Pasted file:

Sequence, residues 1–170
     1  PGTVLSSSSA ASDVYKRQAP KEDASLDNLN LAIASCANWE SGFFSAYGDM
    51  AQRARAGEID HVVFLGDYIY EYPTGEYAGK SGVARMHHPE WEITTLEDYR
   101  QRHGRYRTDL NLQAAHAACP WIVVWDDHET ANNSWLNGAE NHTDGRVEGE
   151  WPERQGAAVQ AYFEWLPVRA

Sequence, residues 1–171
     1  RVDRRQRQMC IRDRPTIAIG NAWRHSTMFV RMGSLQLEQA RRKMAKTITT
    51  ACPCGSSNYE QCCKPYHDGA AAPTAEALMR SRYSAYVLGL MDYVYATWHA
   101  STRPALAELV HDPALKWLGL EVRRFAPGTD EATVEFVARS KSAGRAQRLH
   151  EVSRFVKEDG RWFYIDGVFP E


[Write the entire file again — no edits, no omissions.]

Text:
Sequence, residues 1–170
     1  PGTVLSSSSA ASDVYKRQAP KEDASLDNLN LAIASCANWE SGFFSAYGDM
    51  AQRARAGEID HVVFLGDYIY EYPTGEYAGK SGVARMHHPE WEITTLEDYR
   101  QRHGRYRTDL NLQAAHAACP WIVVWDDHET ANNSWLNGAE NHTDGRVEGE
   151  WPERQGAAVQ AYFEWLPVRA

Sequence, residues 1–171
     1  RVDRRQRQMC IRDRPTIAIG NAWRHSTMFV RMGSLQLEQA RRKMAKTITT
    51  ACPCGSSNYE QCCKPYHDGA AAPTAEALMR SRYSAYVLGL MDYVYATWHA
   101  STRPALAELV HDPALKWLGL EVRRFAPGTD EATVEFVARS KSAGRAQRLH
   151  EVSRFVKEDG RWFYIDGVFP E